Bend your elbows and lower your body to the floor with your inhale, then push up with control and exhale as you rise back to a neutral position. Don’t let your backside dip or stick up, your body should remain in a straight line from head to toe.

Draw your shoulder blades back and down, keeping elbows tucked close to your body. It’s important to practice good form consistently to avoid injury and yield greater results.

Modified push-up 2Modified push-up 1



Modified Push-Ups

These pushups are great for beginners; they are performed by supporting the lower body on the knees instead of the toes.



Wide push-up 1Wide push-up 2



The Wide Push-Up

Start from a normal push-up position but spread your hands wider than shoulder length. This will force your chest to do most of the work.



Narrow push-up 2

Narrow push-up 1



The Narrow Push-Up

From a normal push-up position, place your hands just a few inches apart from each other underneath your chest.



Diamond push-upDiamond push-up 1



The Diamond Push-Up

For these push-ups, place both palms on the ground so that both thumbs and pointer fingers are touching and form a diamond. These push-ups really work your triceps!


One Leg Push-up 2One leg push-up 1



The One-Leg Push-Up

From the standard push-up position lift one leg up off the ground and do a set, switch legs to complete the set. Be sure to engage your core to help you stay in position!


One arm push-up 1One arm push-up 2



The One-Arm Push-Up

Get into position and bring one arm behind your back or to your side and complete the movement, switch arms and complete the set. These are a great challenge!



Elevated push-up 2

Elevated push-up 1



The Feet Elevated Push-Up

Do a normal push-up, but with your feet elevated on a box or bench. The higher the platform, the more you’ll work your shoulders, chest, and core. For more challenge, use an exercise ball.


Body elevated push-up 1



The Body-Elevated Push-Up

Performed with hands on an elevated platform, commonly seen with medicine balls. For an even more advanced exercise, you can also elevate the feet.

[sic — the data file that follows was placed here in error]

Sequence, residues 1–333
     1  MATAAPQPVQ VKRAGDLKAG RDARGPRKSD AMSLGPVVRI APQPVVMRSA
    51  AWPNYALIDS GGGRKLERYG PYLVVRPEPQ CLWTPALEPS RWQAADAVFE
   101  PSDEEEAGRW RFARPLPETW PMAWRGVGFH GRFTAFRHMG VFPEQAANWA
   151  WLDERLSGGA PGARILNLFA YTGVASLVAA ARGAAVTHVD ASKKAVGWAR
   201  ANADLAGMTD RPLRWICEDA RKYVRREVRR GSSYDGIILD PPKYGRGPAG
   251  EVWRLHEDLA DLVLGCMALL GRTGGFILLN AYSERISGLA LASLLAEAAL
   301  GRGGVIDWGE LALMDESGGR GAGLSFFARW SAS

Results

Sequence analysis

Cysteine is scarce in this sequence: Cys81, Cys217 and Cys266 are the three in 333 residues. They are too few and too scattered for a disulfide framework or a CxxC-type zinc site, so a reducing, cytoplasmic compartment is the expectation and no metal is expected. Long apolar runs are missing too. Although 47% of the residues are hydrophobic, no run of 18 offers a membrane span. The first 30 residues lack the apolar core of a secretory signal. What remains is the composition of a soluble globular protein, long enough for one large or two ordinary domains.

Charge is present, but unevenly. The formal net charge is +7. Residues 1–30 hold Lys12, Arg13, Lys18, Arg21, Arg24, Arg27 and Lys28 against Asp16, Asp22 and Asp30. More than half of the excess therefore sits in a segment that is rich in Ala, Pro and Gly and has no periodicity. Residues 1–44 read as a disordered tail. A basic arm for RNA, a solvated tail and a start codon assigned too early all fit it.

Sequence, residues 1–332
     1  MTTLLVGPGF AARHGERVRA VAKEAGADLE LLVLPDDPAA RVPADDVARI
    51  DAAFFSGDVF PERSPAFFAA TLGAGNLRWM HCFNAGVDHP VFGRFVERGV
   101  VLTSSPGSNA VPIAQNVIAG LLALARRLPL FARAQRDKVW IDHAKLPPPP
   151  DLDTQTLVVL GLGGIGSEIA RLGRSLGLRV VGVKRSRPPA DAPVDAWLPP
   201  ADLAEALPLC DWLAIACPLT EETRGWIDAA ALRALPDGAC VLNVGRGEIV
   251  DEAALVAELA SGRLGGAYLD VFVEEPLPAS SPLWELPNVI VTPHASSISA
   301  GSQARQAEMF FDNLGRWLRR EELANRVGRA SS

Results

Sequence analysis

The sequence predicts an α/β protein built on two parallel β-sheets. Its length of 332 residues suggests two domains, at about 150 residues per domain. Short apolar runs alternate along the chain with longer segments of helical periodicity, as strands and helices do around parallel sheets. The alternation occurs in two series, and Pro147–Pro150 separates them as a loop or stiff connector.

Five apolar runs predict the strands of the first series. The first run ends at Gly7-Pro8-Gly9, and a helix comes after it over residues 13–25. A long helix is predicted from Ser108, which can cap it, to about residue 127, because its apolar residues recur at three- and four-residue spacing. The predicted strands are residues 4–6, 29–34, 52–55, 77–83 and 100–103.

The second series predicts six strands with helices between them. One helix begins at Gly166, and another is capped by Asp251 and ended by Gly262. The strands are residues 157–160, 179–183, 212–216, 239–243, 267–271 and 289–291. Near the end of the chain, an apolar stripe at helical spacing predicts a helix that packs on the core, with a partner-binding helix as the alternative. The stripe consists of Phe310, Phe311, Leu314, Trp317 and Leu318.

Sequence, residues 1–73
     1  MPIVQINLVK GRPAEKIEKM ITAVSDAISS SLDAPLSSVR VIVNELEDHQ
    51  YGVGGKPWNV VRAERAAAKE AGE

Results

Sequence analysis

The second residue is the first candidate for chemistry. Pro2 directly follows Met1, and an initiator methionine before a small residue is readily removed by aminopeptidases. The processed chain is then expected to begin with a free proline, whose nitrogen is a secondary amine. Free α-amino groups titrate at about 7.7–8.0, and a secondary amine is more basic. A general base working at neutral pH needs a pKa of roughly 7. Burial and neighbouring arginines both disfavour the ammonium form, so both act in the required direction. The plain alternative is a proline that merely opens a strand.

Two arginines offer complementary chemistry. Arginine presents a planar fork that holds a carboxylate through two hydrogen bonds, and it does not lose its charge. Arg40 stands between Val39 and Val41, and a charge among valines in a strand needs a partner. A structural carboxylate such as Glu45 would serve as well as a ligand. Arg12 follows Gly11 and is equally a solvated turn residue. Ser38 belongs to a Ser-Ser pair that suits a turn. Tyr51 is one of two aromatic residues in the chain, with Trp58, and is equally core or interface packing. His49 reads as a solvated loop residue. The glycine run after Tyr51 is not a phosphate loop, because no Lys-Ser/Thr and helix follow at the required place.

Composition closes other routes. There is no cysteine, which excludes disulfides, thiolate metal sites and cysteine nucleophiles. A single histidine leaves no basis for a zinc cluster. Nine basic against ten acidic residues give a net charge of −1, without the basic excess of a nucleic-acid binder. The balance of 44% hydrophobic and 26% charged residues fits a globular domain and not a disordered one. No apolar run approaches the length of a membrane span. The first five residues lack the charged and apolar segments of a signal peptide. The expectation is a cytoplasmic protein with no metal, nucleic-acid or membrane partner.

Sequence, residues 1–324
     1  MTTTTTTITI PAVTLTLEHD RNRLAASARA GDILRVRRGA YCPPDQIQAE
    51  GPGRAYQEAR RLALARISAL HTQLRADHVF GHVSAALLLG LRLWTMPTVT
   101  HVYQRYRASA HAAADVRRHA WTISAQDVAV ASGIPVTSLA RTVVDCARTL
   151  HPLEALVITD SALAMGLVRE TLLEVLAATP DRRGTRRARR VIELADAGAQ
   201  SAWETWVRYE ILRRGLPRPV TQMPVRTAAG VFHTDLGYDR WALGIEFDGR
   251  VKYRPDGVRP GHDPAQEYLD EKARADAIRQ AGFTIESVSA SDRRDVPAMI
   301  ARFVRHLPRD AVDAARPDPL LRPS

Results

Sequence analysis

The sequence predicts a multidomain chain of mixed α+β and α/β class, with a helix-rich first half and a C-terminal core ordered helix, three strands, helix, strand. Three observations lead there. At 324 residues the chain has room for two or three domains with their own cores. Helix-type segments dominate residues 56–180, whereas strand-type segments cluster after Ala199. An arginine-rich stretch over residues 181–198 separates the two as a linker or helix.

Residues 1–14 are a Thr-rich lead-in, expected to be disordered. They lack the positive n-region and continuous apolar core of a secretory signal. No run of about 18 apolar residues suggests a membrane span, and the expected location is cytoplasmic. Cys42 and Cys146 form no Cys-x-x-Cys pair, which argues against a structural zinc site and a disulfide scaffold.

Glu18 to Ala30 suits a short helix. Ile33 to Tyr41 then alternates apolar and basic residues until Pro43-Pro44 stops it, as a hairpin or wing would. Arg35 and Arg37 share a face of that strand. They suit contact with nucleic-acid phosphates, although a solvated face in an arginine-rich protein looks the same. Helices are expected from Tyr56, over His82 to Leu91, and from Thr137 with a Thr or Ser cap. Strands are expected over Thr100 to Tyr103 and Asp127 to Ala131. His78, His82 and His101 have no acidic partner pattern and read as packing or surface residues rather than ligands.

Wall push-up 2Wall push-up 1


The Wall Push-Up

Another great variation of a push-up for someone new to exercise or lacking the upper body strength for a standard push-up. These are performed by standing close to a wall and then pushing away from the wall. Increase the difficulty by moving your feet farther from the wall.


Fun Facts About Push-Ups:

  • In most forms of push-ups, you are lifting 65% of your body weight
  • The record for the most consecutive push-ups is 10,507 by Minoru Yoshida of Japan in 1980.
  • Push-ups dates back to 1905
  • The record for the most push-ups done in 24 hours (non-consecutively) is 46,001 by Charles Servizio of the USA in 1993.
  • The Fence Lizard demonstrates push-ups to attract its reptilian mates

Photo demonstrations are courtesy of Jose Rodriguez. For more push-up ideas or to schedule a one-on-one personal training session with Jessica, email her at To schedule a consultation with Jose Rodriguez (pictured), email him at!

Post written by FFC West Loop Personal Trainer Jessica Frank.


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Perhaps you’ve seen some members at the gym rolling around on long black cylinders and wondered what they were doing. Or you have been foam rolling for a while now and wonder if you are doing it right or what the science is behind it all. I’m here to answer those questions, plus give you a few tips on how to work specific areas of your body for the most benefit!

The Science Behind Foam Rolling